Personal Unfolding

Last time I listened to Christer Olsson it resulted in me ending a relationship. His words "what doesn't develop will perish automatically" had really hit me, and I decided to speed up the process.

I had the pleasure of watching him again at Sigma's birthday party last week. He had some good one-liners this time also: Life is a together-project. You live as long as you learn. You seldom need more knowledge, instead start using what you have and do something. If you need a speechwriter, what are you afraid of will come out if you open your mouth?
One of them is hard to translate from Swedish: "Det heter personlig utveckling, så varför vecklar du inte ut dig?". The word "utveckling" translates into "development" but "veckla ut" is "unfold". What I think he means is that we should hold ourselves high, stand straight and stand for what we believe, not crumble and behave in certain ways because it's politically correct. Very much in line with the concept behind The Star For Life programme that now will be applied in Sweden too.

I think that will be what I will act upon this time. Both thinking more carefully about what I believe in and why, and at the same time also make sure I communicate and act it. I probably should re-read Gervase Bushe's book "Clear Leadership" again.

Another take on folding would be to re-read the book "The Cat That Went to Paris" about a Scottish Fold.


Life and Decay

Lots of metaphors and sayings are associated with flowers. People can be blooming. A relationship can be delicate as a flower. In Sweden we talk about city kids as asphalt flowers or dandelion children, indicating that they can grow even if the environment is unfriendly. Orchid kids on the other hand, can become extraordinary but only if taken special care of, according to David Dobbs's piece The Science of Success.

With her photo exhibition Flora Supersum now at Trädgårdsföreningen in Gothenburg, Lena Granefelt makes us aware of other qualities in flowers. She asks us "Can flowers think? Eat, go to war, die? In that case, what do they feel when they prepare to perish?" She notes that books on flowers seldom show what they look like when they are dead or dying, although this is often the state we see them in.
Also, she points out that the flower seeds have both death and life within them. Some seeds need to grow within weeks, whereas others can bring life even after a thousand years.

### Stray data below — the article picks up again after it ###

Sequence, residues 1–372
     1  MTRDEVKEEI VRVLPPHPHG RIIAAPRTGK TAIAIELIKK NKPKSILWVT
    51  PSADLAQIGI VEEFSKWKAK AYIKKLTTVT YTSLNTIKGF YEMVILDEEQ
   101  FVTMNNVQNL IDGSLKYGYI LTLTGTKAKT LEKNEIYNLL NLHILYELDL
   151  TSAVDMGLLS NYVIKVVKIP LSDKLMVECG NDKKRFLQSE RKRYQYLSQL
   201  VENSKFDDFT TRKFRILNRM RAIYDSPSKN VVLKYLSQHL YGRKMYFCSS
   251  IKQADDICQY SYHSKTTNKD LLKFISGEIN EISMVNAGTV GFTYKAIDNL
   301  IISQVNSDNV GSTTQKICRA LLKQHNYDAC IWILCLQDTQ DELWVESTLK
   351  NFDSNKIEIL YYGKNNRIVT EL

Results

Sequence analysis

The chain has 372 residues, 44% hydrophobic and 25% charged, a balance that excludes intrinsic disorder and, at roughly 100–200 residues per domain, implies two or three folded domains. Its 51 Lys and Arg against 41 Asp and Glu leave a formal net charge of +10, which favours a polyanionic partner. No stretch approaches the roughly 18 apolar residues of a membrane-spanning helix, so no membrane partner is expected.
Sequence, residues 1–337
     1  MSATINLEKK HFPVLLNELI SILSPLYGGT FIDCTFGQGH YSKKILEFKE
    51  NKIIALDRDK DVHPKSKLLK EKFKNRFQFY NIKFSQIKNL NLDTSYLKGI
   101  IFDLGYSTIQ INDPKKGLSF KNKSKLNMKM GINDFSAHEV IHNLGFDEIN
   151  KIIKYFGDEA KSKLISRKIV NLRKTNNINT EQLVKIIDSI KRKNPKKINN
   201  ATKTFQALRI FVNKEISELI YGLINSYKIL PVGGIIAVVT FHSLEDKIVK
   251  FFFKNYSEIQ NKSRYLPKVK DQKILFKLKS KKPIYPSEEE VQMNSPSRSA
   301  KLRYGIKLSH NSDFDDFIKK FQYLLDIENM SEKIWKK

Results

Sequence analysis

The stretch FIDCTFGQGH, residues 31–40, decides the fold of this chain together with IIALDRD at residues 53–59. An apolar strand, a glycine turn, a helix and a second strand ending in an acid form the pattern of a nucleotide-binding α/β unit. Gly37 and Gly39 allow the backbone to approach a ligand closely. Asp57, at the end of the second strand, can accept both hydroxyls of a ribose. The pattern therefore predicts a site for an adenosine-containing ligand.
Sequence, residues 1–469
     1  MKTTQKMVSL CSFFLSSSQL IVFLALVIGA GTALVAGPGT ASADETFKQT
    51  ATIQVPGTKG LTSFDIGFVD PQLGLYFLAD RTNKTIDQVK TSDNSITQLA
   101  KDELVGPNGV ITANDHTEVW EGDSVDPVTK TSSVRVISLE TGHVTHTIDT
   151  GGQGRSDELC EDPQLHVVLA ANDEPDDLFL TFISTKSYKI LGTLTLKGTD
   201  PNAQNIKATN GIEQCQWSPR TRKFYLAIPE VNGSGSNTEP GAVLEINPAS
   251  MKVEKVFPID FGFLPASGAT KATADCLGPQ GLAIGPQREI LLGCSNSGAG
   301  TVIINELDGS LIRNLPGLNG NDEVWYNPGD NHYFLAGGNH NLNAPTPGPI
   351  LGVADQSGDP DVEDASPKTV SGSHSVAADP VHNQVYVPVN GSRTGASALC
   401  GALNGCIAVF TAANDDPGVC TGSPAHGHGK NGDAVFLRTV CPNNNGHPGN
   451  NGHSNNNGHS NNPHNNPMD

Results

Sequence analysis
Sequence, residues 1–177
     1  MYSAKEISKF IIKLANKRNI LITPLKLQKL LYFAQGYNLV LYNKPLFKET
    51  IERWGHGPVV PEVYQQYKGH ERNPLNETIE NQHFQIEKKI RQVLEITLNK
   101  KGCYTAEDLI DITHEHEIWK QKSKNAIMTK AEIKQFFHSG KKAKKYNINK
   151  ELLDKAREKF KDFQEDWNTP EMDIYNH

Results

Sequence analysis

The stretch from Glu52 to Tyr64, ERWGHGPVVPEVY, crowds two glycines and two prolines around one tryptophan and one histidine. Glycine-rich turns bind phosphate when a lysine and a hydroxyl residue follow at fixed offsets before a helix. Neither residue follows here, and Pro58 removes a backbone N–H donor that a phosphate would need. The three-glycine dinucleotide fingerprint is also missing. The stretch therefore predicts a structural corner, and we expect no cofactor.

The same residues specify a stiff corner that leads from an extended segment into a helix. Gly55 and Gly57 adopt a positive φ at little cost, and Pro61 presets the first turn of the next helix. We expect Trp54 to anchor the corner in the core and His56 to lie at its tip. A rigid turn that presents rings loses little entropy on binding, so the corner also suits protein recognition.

If persons are like flowers, what kind of life can we bring while we get old and start to wither? We can certainly help the younger generation, leaving them things behind they can thrive on. Does it take a special eye to see the beauty in old? I try to take photos of my garden all year round, although I must admit I take more pictures of flowers that are alive and kicking. Maybe I should take another perspective and look for other characteristics.

“Let us be grateful to people who make us happy, they are the charming gardeners who make our souls blossom.” Marcel Proust


The Invisible Hand

When I was a kid, I remember watching David McCallum in The Invisible Man. In each session he became invisible at least two times. He's still going strong as an actor, and I now enjoy his quirky act as the Chief Medical Examiner "Ducky" in NCIS.

The Invisible Hand is the metaphor introduced by Adam Smith in 1759 describing his notion that individuals' efforts to pursue their own interest may frequently benefit society more than if their actions were directly intending to benefit society, which has been used as basis for the assumption that trade and market exchange automatically channel self-interest toward socially desirable ends.

Jonathan Schlefer writes in a Harvard Business Review article that there is no invisible hand. He uses a rather nifty analogy to describe the concept:

"The invisible hand sees market economies as passenger planes, which, for all the miseries of air travel, are aerodynamically stable. Buffeted by turbulence, they just settle back into a slightly different flight path. General-equilibrium theory, as it developed in the 1960s and 1970s, suggests that economies are more like fighter jets. Buffeted by a gust, they wouldn’t just settle into a slightly different path but would spin out of control and break asunder if “fly-by-wire” computer guidance systems did not continually redirect them to avert disaster."

Chris Matthews comes to the same conclusion in his article in Fortune. He also can see the reason why US politicians keep referring to it and why the American people continue to believe it.